Everything's bigger in Texas. Once you have stared down a 72-ounce steak or sparred with a Maverick-size political ego, you realize there's some truth to that claim. At least Toyota saw it that way, hence its new San Antonio, Texas, truck plant where it's making the new Tundra.

With the new Silverado, Motor Trend's 2007 Truck of the Year (see the full story in this issue), out at the same time as the Tundra, we thought we'd give them a chance to spend some time with one another. Even though the Toyota doesn't officially go on sale for another few weeks, we got our hands on a fully loaded Deep Blue Double Cab Limited 4WD to do battle with a Brilliant Red extended cab LTZ 4WD Silverado. Both have midsize cabs (more on Toyota's CrewMax in our next issue) and standard beds and their most mainstream V-8s. Let the chips (and clumps of mud) fall where they may. (Look for our next Toyota versus Chevy installment, to focus on towing and hauling.)

After a brief street drive before track testing, we appreciated the Silverado's steering quickness, weight, and feel, plus its tauter response, some of which can be attributed to its 20-inch wheels and Goodyear Eagle street tires. The steering wheel itself only offers a tilt adjustment; however, it does have electric pedal adjusts.

Although some felt it was a bit light, the Toyota's steering (its wheel tilts and telescopes) gets points as well, because it has a turning diameter almost three feet smaller than the Chevy on nearly the same-length wheelbase. Likewise, the Tundra's ride quality was helped by 18-inch Rugged Trail tires (with more sidewall) as well as more compliant rear leaf springs.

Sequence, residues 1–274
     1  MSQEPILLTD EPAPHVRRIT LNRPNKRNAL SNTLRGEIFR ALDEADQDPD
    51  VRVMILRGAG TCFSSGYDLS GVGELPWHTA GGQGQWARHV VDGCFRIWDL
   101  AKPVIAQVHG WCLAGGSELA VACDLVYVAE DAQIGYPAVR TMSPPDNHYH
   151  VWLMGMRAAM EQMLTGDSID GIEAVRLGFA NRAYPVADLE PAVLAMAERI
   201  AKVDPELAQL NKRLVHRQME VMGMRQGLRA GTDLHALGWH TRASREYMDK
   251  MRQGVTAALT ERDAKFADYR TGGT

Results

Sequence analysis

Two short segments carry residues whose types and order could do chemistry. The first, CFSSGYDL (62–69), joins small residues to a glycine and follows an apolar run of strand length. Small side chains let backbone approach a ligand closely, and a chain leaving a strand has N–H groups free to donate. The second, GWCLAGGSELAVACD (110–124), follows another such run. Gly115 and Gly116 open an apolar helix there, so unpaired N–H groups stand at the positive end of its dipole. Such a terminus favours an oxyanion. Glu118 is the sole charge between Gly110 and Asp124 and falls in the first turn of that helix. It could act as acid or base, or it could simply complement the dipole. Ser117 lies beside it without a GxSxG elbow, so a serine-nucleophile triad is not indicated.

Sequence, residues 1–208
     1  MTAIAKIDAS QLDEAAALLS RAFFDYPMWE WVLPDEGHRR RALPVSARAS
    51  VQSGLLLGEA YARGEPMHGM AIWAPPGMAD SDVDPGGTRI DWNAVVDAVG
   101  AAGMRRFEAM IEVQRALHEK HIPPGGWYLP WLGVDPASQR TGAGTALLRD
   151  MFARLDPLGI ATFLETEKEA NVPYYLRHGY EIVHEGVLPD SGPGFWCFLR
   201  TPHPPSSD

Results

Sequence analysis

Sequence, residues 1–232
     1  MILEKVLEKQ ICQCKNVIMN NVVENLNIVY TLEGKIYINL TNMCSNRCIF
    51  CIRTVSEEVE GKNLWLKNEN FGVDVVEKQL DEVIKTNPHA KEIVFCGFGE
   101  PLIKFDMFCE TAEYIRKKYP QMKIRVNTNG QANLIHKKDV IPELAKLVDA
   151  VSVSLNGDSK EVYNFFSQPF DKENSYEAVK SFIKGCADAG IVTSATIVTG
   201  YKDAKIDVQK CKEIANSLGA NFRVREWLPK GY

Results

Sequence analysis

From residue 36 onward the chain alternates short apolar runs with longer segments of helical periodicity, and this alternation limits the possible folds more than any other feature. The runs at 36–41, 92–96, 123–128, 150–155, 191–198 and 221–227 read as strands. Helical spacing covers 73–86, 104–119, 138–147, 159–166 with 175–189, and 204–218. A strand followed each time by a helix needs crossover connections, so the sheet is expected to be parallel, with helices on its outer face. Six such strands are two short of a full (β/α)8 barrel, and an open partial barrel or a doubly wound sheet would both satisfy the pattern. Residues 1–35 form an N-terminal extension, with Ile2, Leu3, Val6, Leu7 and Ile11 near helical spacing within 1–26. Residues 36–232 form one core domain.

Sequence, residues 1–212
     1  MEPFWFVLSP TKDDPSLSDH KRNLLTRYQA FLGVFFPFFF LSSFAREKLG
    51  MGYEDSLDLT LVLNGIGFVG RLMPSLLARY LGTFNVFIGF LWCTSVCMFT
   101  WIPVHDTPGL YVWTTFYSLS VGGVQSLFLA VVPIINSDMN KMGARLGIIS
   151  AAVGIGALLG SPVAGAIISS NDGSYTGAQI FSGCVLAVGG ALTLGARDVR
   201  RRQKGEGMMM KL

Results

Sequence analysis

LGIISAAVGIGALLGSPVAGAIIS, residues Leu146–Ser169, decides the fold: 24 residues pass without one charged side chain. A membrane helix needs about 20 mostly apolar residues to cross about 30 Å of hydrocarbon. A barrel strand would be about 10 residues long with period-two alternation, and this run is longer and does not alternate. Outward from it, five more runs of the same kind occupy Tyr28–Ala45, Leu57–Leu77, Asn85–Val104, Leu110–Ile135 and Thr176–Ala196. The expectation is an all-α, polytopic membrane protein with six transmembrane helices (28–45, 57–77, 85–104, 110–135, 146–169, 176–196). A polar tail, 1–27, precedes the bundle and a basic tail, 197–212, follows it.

While the topline LTZ Silverado's default suspension is the Z85 handling/trailering setup with monotube shocks, the 20-inch wheel option on our tester required the Z60 max street-performance suspension with twin-tube shocks. Chevy's 4WD system offers two-wheel drive, a full-time Auto mode, 4x4 High, and 4x4 Low. During our testing, the Chevy, left in Auto mode, proved the best handling of any Silverado variant, past or present. Much of that we credit to the computer-controlled all-wheel-drive system that sends power to the front wheels a split second before it detects rear wheelslip. During most of the handling tests, the Silverado was the traction king.

The Tundra's part-time 4WD system offers no such Auto or all-wheel-drive setting for use on pavement, which was a challenge for our track testers, as they wrestled with traction-control nannies that shut down engine power. However--and we don't recommend this--by switching the Tundra to 4x4 High, we were able to turn the electronic nannies off and could get traction to all four tires for our quarter-mile launches. The result was an impressive 6.0-second 0-to-60 time for the Tundra; unfortunately, it was at the risk of grenading the transfer case. We have to question Toyota's thought process: Why give the truck all that power if you're not going to give drivers safe access to it? (We'll assume the nannies will work when those empty pickup trucks hit their first icy rain or snow.) It's simple to see how the Tundra does so well in straight-line running: 381-horsepower motor, shorter axle gears (4.30:1), 55-percent more transmission gears, more torque over a wider powerband. On everything other than straight-line blasts, as predicted, the Silverado won the slalom and figure-eight contests, although we didn't predict OnStar would call twice to see if we were all right.